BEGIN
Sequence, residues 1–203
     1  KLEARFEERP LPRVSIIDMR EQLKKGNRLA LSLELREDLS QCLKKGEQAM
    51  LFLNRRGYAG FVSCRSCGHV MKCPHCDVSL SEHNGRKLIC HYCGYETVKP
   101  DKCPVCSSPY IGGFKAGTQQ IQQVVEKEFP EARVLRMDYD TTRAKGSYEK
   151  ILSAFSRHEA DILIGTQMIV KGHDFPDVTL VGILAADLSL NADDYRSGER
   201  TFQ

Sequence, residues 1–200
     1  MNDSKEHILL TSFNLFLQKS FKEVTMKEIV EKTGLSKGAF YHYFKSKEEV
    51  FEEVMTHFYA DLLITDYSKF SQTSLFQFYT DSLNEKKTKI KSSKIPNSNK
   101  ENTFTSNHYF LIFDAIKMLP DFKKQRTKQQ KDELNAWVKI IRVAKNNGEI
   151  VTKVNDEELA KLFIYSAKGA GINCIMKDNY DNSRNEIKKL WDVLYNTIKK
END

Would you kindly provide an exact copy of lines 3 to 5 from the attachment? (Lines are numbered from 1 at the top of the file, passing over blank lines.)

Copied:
    51  LFLNRRGYAG FVSCRSCGHV MKCPHCDVSL SEHNGRKLIC HYCGYETVKP
   101  DKCPVCSSPY IGGFKAGTQQ IQQVVEKEFP EARVLRMDYD TTRAKGSYEK
   151  ILSAFSRHEA DILIGTQMIV KGHDFPDVTL VGILAADLSL NADDYRSGER